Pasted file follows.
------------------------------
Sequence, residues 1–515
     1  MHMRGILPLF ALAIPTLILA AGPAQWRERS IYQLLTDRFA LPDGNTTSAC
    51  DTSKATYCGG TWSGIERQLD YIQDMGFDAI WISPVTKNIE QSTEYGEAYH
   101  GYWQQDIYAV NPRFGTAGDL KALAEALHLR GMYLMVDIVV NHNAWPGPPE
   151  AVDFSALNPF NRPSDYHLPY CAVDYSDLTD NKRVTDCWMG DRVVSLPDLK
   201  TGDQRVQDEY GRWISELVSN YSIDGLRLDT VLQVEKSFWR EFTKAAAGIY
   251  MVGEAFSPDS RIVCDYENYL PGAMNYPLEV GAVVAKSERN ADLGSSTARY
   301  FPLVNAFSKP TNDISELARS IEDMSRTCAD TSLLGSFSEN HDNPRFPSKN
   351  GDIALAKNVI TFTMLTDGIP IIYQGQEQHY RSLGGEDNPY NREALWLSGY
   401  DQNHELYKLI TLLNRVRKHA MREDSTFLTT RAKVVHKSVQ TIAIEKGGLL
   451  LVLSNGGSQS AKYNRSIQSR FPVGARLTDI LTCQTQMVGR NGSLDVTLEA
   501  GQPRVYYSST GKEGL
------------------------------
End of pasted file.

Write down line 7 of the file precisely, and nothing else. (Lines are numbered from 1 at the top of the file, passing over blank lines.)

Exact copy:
   251  MVGEAFSPDS RIVCDYENYL PGAMNYPLEV GAVVAKSERN ADLGSSTARY